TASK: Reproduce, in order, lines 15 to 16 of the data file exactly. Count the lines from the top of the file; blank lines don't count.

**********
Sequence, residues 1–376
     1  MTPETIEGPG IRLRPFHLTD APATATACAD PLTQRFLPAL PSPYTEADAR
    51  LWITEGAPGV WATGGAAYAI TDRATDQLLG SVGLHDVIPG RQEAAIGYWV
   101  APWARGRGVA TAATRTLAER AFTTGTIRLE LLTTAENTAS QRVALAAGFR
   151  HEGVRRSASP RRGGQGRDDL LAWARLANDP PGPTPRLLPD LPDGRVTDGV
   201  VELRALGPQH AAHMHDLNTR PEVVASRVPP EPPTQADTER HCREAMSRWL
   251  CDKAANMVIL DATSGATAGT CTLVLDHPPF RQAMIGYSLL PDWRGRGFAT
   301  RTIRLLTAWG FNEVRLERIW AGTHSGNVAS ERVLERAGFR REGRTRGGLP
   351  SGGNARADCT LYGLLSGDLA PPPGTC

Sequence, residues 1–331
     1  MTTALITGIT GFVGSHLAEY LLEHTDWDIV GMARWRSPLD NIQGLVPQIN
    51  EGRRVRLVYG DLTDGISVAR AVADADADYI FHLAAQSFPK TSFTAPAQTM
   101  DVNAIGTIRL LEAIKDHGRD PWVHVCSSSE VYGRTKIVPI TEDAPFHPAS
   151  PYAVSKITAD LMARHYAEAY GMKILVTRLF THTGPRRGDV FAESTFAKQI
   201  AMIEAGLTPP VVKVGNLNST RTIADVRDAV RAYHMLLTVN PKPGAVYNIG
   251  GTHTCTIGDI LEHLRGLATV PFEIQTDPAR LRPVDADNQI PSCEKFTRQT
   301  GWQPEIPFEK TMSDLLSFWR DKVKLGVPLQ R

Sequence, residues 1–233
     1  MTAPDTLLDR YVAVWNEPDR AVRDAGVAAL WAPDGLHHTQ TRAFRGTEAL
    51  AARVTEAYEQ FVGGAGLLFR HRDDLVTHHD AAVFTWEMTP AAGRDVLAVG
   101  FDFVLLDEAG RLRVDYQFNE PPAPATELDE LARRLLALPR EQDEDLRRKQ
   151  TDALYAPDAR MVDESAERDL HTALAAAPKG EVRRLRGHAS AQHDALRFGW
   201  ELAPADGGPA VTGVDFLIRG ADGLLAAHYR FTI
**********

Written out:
   201  AMIEAGLTPP VVKVGNLNST RTIADVRDAV RAYHMLLTVN PKPGAVYNIG
   251  GTHTCTIGDI LEHLRGLATV PFEIQTDPAR LRPVDADNQI PSCEKFTRQT